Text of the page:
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People with mood disorders seem to discuss triggers incessantly because knowing your triggers and communicating them to others is a really valuable skill. I haven’t talked much about my triggers, other than sleep, but will get to it when I have something coherent to say.

But I do have another nifty tool provided by Moodscope to help better understand triggers. It’s called a Triggergram, “diagrammatic representations which may suggest what lies behind your changing moods.” It uses the text data that you can optionally enter as notes on mood scores (the digital version of a mood journal) to generate simple tag clouds with text size based on frequency, and allow click-through to see the notes that include those words. It will soon become part of a premium service while the core services will remain free.

As an unrepetant geek, I use something of a controlled vocabulary for these notes. It’s a lot like tagging and forces me to be a bit more reflective about the day’s events and emotions. Using fewer words means that more of them are included when aggregated, and the relative frequency becomes more meaningful. For example, instead of using both “anxiety” and “anxious”, I (try to) just use “anxious”. When I don’t do that, I get less useful words showing up.

I don’t like to enter a note for every day because it makes it harder for me to see at a glance on which days something important happened on my Moodscope graph if they are all highlighted to show that there’s a note. I do enter details for particularly high or low days, so my Triggergram has actually verified some intuitions about mood triggers. I enter some most of these notes after the fact based on my more detailed paper mood journal, when I can be more reflective about my mood states.

My Moodscope Triggergram for October 2011 through March 2012

The positive themes are shown in warm colors on the left, and negative ones in cool colors on the right. A few observations:

  • I can tell when I am (or have been) hypomanic, partly because I feel really excited.
  • Hypomania is often triggered by travel, which relates to the terms travel, London, social, conference, and meeting.
  • Social activities also make me happy. And possibly hypomanic. Or being hypomanic makes me more social. Either way.
  • Sunny weather might be a trigger for hypomania as well.
  • When I feel lousy, there’s a lot of tiredness, difficulty waking, grogginess, and anxiety.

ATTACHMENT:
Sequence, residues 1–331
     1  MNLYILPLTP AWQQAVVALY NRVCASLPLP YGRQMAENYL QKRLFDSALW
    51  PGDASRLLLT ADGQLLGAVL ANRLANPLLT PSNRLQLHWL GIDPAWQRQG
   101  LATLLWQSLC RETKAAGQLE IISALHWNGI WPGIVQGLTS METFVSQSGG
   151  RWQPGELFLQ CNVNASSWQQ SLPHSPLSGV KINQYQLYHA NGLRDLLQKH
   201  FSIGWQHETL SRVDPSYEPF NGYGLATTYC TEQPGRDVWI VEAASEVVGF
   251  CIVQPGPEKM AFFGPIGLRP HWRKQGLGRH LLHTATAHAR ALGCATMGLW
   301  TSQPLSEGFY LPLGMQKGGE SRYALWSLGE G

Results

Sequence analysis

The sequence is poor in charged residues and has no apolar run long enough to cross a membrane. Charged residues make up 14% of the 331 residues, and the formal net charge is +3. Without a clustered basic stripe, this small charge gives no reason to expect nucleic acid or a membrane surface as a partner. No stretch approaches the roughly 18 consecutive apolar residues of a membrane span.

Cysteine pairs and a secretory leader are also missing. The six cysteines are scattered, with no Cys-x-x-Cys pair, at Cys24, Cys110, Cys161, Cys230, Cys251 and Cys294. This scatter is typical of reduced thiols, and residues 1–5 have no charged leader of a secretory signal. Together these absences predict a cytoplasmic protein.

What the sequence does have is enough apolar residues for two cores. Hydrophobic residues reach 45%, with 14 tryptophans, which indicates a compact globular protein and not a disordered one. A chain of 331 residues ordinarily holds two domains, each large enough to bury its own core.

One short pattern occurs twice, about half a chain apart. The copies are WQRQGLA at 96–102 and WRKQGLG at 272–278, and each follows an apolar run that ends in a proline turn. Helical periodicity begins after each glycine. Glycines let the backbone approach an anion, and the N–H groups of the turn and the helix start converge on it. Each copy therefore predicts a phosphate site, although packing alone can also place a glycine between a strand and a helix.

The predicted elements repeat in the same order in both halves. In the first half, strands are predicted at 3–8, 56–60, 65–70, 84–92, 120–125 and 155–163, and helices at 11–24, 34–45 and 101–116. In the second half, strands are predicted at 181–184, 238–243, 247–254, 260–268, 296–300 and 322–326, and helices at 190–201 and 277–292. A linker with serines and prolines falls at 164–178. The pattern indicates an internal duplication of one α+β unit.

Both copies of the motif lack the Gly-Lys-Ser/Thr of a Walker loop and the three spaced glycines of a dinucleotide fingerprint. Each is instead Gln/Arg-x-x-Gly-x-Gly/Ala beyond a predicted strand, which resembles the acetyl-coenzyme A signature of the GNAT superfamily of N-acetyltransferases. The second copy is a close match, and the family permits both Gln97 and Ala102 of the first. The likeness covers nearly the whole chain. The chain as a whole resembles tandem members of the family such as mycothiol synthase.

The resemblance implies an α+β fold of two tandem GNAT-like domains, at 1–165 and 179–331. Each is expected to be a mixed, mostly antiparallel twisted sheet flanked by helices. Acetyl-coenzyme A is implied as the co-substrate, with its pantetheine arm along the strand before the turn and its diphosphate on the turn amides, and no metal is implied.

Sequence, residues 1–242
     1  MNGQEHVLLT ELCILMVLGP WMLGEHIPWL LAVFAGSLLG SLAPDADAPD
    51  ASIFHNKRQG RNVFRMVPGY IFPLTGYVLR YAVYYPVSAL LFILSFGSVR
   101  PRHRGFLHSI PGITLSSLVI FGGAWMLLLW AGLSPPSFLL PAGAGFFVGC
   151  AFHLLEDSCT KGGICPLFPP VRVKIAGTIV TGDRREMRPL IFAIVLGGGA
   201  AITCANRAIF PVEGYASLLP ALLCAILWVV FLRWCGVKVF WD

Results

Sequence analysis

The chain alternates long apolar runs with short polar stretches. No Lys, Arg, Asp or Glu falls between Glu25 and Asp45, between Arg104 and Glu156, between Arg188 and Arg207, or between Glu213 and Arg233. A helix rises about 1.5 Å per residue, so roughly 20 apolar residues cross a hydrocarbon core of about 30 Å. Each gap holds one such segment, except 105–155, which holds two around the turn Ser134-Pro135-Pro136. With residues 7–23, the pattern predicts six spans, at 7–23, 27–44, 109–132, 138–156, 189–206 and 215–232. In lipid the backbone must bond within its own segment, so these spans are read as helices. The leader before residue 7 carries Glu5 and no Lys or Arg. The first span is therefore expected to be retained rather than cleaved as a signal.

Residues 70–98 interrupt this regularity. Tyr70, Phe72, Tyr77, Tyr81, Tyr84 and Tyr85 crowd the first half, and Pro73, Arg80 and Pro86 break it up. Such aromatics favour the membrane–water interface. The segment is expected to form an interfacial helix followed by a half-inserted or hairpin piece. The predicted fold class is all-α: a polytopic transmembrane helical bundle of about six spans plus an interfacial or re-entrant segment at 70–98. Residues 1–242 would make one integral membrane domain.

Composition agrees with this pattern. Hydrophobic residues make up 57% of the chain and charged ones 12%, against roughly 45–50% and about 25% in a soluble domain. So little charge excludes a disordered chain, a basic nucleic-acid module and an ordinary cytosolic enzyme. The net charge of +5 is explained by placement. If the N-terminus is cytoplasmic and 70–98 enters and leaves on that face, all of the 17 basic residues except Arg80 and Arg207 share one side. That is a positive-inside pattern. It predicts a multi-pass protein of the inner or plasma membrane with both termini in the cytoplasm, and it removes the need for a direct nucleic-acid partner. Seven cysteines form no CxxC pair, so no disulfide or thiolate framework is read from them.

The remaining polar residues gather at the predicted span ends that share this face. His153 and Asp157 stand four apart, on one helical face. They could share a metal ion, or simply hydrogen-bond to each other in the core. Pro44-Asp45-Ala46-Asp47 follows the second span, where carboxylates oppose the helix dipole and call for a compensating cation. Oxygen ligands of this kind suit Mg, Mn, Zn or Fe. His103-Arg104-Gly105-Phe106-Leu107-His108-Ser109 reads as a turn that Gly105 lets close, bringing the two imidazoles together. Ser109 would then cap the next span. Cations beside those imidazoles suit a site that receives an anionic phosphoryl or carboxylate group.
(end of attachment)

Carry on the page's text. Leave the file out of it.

• Crying indicates feeling awful. Obviously. I end up in tears more than I would have expected.
  • Med changes tend to be tough. All the medications (except Lamictal) show up on the negative side, as do mg, change, med, meds.
  • Headaches make me feel rotten and are usually caused by med changes. The word headache shows up a lot more frequently because the change of meds only gets noted once, but the headaches sometimes go on for weeks. You can bet that if I had a med change in the last week, I’ve also had a headache all day every day for the last week.
  • Some of the words are easily clustered: adventure+hiking, submitting+manuscript, and postdoc+offer, for example. Most are one-time mentions. Meaningful, yes, but not particularly useful trends since they were singular events.

Many of these observations were things I already knew, but this helps verify it. The influence of sunny weather is notable; I hadn’t realized how much of a difference it makes. Compared to earlier versions of the Triggergram, recent med changes have been really difficult – previously, Lamictal showed up on the left and words like “mg” were evenly distributed – so this is a relevant shift.

There’s a bit of room for improvement in the representations, but this is a great start. I’d love to see options or refinements related to: stemming, 2-word phrases, click-to-remove, tagging vs annotation, non-elimination of contextually meaningful stop words like “up” and “good”, allowing selection of date ranges, and aggregating more than 10 days out of 180. Even so, the Triggergram is very helpful for developing new insights and verifying suspicions when it comes to mood triggers. It’s a great complement to mood charts and stats for learning about mood swings.

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